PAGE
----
Decluttering can be heartbreaking when you see those old photos from happier times.

Here are just a few examples:

Your first wedding (which ended in divorce).

Happy family pictures before the divorce changed everything.
The last holiday gathering with all of your children before the family feud
Your parents 50th wedding anniversary when your siblings were still alive.
The last time your children and stepchildren were all together.
The last time you were with your grandchildren before their parents divorced or  moved far away.
The last Christmas you spent with your first cousins, aunts, uncles, and grandparents.
You and your best friend, before she died of cancer.
I can think of many other pictures  that would bring even more tears.   A  beloved family member who later died a tragic death.  A loved one before she was diagnosed with dementia.  That list could go on and on.  The gut wrenching  thing about those before and after pictures, is that you had no idea  this would be the “last time,” when those photographs were taken.
After about an hour, we had to stop.  There was way too much  joy, love, heartbreak  and nostalgia  packed into those old albums.  Photographs that catch those last moments  of happiness before things went South take a lot out of  you.  Right now, I’m going for a walk in the park.  And yes, we saved all of those photos.



This is going to scandalize some football fans, but I will have to admit that I have never, once, watched an entire football game from beginning to end.  Not even when I was in high school or college.  It may sound unbelievable, but it was never my thing, and it became even less appealing to me when we started hearing about all the dangerous concussions that damage the brains of football players.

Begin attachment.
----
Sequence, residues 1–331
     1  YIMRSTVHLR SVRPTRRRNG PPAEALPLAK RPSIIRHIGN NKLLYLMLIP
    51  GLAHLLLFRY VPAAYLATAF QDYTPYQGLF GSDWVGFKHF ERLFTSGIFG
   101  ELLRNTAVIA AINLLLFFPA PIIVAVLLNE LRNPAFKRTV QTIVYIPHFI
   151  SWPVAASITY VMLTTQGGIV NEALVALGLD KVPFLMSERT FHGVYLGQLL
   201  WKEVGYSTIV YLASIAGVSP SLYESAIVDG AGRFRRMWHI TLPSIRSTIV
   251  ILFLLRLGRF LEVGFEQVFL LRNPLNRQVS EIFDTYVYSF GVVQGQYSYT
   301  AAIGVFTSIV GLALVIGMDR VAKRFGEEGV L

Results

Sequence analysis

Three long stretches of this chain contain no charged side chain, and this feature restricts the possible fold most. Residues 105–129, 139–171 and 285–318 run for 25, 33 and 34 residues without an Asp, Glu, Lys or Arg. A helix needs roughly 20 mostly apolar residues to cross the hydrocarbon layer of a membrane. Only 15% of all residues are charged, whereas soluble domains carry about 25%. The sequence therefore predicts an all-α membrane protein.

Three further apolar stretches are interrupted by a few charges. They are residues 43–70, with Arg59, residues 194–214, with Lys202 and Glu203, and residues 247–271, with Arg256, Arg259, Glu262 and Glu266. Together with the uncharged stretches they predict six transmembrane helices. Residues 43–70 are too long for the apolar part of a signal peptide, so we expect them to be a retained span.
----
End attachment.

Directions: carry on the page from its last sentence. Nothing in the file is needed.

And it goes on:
When I attend my entertainment venues of choice —theater, movies, or concerts– I don’t expect to see the entire orchestra or cast come out before the show and put their hands on their hearts while listening to the national anthem.  It would seem absurd to mix politics with entertainment.   And, in defense or those players who chose to kneel—I can’t say I blame them for taking advantage of this unique opportunity to express their support for their less fortunate brother, uncles, cousins, and fathers.
My opinion will not affect attendance at the football games whatsoever, because my husband and I will never attend one in person.  He may watch a few games on television, but it won’t matter whether the players stand or kneel. Would I refuse to watch  a play or movie starring George Clooney or Clint Eastwood just because I disagree with their political viewpoints? No way!  Why would we expect an entire team to have the same political opinions?  You can go into any workplace or neighborhood, and you will seldom find everyone in agreement about Donald Trump or Hillary Clinton. 

So, I would suggest that we discontinue playing the national anthem at football games.   After all, it’s just a game, not a political rally.